What is an Automatic Stay?
When an individual makes the decision to file bankruptcy, an automatic stay will be put in place in order to immediately stop any lawsuit that may be filed against you, as well as most actions against your property by a creditor, collection agency, or a government entity.
What an Automatic Stay Does
Many consider an automatic stay to be a vital form of relief when beginning bankruptcy proceedings. There are many common situations that can be affected by an automatic stay:
- Foreclosure: If you are facing foreclosure, the automatic stay will work to temporarily stop the proceedings. However, this is not typically a permanent protection and the creditor will likely be able to proceed with its foreclosure in the future.
- Eviction: In the event that you are being evicted from your residence, the automatic stay will likely provide aid. However, there are also sections of bankruptcy law that allow for landlords to continue with eviction proceedings. Specifically, if your landlord has already received a judgment of possession against you at the time you file, an automatic stay will not affect the proceedings.
- Utility Disconnections: In a situation where you find yourself behind on a utility bill and the utility company is threatening to turn off service, an automatic stay will likely prevent the disconnection for a set number of days.
- Collection of Overpayments of Public Benefits: Under circumstances involving a person being overpaid, the agency involved is normally permitted to collect this overpayment by taking it out of your future checks. An automatic stay, however, will prevent the agency from doing this. Take note that if you become ineligible for the benefit, an automatic stay will not prevent the termination of benefits.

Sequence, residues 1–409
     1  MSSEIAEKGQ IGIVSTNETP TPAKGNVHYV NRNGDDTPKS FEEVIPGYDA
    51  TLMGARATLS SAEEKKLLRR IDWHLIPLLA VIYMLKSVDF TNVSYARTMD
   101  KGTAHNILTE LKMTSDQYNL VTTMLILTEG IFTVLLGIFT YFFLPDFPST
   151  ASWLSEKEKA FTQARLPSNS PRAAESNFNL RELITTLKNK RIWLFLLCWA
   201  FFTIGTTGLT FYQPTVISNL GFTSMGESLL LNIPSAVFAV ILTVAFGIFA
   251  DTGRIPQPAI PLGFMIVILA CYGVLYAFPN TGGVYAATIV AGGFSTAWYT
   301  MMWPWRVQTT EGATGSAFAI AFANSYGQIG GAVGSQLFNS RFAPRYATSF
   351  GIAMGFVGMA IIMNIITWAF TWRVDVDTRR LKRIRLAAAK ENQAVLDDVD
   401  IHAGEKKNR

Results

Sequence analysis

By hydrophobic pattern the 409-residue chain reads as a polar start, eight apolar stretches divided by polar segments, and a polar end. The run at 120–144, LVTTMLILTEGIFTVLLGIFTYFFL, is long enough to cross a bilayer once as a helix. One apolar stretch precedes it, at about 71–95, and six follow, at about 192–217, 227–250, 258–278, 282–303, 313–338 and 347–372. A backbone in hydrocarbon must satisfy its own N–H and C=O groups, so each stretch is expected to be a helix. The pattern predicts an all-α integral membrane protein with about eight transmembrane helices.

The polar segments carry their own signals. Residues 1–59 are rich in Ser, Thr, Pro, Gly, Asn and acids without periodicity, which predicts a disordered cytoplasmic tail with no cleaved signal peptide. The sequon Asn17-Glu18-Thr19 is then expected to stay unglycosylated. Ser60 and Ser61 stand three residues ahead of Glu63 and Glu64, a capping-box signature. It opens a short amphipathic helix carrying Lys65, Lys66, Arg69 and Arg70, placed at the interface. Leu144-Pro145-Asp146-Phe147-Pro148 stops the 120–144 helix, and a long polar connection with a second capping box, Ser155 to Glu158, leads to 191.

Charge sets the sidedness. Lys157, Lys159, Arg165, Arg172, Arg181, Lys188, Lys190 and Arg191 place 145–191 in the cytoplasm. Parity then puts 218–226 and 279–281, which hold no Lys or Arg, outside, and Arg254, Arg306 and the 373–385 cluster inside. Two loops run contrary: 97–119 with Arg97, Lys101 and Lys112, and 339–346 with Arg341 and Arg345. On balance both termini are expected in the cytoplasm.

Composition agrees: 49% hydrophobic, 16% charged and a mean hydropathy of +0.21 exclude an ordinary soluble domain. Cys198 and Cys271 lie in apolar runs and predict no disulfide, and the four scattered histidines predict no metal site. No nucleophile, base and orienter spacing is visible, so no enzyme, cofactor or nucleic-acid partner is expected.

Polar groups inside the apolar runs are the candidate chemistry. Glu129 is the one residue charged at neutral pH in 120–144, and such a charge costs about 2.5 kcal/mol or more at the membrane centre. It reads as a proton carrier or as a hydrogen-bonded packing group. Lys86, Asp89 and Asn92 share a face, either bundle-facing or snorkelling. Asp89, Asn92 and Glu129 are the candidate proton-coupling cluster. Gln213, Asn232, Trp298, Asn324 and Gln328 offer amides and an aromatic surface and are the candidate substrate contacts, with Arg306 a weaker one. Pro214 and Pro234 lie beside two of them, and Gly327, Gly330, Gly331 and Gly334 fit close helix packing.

- Multiple Wage Garnishments: When an individual files for bankruptcy, the automatic stay will stop any wage garnishments that may be currently in place.
What an Automatic Stay Does Not Do
While it is true that an automatic stay will provide for many forms of relief, it will not protect an individual in all situations. Some examples of circumstances not within the scope of the automatic stay include:
- Certain Tax Proceedings: Even after filing for bankruptcy, the IRS can still perform audits, issue tax deficiency notices, demand a tax return, issue tax assessments, or demand payment of an assessment.
- Support Actions: Filing for bankruptcy will not prevent lawsuits involving paternity, child support, or alimony.
- Criminal Proceedings: In this case, a criminal proceeding may be reviewed and separated into criminal and debt components. The criminal component will not be stopped by an automatic stay.
- Loans from a Pension: Even with the implementation of an automatic stay, funds can be withheld from an individual's income in order to repay a loan from certain types of pensions.
Furthermore, automatic stays are not always guaranteed in all situations and a creditor may be able to get the automatic stay removed.
If you having questions related to bankruptcy law and the various types of bankruptcy, contact the attorneys at 702 Defense today.